Police charged four teenagers Tuesday with the rape of a Brooklyn woman in a case both Mayor Bill de Blasio and NYPD Commissioner William Bratton said should have been made public earlier instead of two days after it happened.
Politicians and community leaders have criticized City Hall over the initial lack of information about the rape, which the NYPD said occurred at about 9 p.m. Thursday. The NYPD issued a news release detailing the allegations late Saturday.
De Blasio said Tuesday he was unaware of the attack until the weekend.
“I should have been informed, certainly on that Friday,” de Blasio said at a City Hall news conference with Bratton about gun prosecutions. “This was an horrific crime, a very unusual crime, and I should have been informed more quickly.”
Police arrested a fifth suspect Tuesday and investigators expected to charge him, said NYPD Chief of Detectives Robert Boyce. DNA samples will be sought from the suspects, Boyce said.
Detectives suspect the five approached the 18-year-old woman Saturday night as she walked with her father in Osborne Park in Brownsville. One of the five pulled out a handgun and ordered the father to leave, police said, before the teenagers raped the woman. The father went to a nearby deli, where his attempts to get someone there to call 911 were reportedly rebuffed. He eventually met up with two uniformed NYPD officers and the three returned to the park, officials said.
Police took four of the teenagers into custody Sunday night.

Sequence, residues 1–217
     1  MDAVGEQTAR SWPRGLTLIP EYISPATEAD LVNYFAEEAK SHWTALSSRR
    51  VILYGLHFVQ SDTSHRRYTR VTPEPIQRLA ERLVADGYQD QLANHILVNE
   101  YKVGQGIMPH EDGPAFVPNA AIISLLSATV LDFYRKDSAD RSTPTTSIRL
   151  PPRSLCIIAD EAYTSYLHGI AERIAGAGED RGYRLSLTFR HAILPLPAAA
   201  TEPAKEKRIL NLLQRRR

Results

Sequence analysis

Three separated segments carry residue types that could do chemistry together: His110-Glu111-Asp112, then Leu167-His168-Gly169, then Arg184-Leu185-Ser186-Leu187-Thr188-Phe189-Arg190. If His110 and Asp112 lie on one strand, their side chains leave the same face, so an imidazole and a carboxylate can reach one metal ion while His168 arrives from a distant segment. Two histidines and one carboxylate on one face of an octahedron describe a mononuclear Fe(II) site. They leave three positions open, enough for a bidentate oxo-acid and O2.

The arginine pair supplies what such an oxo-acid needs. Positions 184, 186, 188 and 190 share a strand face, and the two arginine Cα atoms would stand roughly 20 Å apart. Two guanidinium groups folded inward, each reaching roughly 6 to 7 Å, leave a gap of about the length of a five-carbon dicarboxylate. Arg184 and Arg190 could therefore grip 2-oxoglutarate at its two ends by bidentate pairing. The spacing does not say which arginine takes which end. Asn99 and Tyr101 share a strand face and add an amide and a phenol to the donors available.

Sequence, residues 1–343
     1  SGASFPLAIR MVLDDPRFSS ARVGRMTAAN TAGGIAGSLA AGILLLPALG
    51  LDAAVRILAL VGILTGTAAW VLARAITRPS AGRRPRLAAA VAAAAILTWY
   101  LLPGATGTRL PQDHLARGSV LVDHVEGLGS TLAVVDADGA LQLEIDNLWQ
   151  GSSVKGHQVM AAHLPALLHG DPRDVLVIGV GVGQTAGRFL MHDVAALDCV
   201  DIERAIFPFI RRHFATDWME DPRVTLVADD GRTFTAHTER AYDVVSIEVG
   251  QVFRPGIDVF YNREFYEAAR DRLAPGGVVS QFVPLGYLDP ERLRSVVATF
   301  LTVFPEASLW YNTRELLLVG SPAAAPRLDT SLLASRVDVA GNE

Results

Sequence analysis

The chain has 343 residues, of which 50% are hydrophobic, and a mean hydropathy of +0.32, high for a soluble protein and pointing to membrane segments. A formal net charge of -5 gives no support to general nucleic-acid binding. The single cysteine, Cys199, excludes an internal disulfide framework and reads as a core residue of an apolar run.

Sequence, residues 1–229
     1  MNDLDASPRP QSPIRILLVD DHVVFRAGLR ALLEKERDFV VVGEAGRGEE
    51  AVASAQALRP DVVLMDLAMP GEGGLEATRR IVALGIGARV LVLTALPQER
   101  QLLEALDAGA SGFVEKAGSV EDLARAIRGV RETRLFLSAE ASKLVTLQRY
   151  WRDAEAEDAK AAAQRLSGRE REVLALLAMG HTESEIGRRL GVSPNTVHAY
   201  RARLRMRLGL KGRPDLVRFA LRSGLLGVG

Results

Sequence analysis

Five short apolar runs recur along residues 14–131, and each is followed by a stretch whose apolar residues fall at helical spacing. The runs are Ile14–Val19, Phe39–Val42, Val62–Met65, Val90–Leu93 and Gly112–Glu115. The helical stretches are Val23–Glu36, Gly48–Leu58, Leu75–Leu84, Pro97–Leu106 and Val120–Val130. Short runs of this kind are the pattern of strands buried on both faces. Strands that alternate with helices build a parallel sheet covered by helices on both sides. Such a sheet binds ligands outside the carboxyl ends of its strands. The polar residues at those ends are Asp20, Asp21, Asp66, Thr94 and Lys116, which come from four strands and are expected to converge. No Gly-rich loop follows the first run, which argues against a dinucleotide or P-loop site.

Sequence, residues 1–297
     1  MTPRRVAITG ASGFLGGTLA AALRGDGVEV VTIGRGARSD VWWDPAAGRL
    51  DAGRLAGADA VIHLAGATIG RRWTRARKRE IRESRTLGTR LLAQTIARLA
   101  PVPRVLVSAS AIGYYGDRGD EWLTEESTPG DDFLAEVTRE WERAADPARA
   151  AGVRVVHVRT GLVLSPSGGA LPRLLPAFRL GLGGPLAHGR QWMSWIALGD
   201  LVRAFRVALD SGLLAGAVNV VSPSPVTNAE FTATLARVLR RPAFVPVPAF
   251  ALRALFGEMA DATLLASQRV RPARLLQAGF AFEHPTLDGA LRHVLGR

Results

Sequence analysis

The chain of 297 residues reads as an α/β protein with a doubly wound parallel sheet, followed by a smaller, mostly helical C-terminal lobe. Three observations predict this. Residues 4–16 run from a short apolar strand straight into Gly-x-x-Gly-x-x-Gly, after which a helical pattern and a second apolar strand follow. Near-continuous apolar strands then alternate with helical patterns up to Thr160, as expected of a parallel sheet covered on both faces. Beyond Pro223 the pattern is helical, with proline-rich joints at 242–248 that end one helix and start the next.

The NYPD identified them Tuesday as Denzel Murray, 14, Shaquell Cooper, 15, Ethan Phillip, 15, and Onandi Brown, 17. All are from Brooklyn, said police. Police did not identify the fifth suspect.
The four were charged with a variety of crimes, including forcible rape and sexual abuse, police said. They were awaiting arraignment Tuesday night.
Bratton said the NYPD should have alerted the public about the alleged attack after it was reported. He said investigators didn’t immediately make the allegations public because they had few details.
“The information we would have put out to the public, initially, would have been extraordinarily minimal: five black males,” Bratton said Tuesday. But the commissioner also admitted that even the release of minimal details might have prompted someone in the community to come forward with leads.
“There is no denying that the department should have — I as police commissioner, the department, our press office — put some information out on Friday,” Bratton said.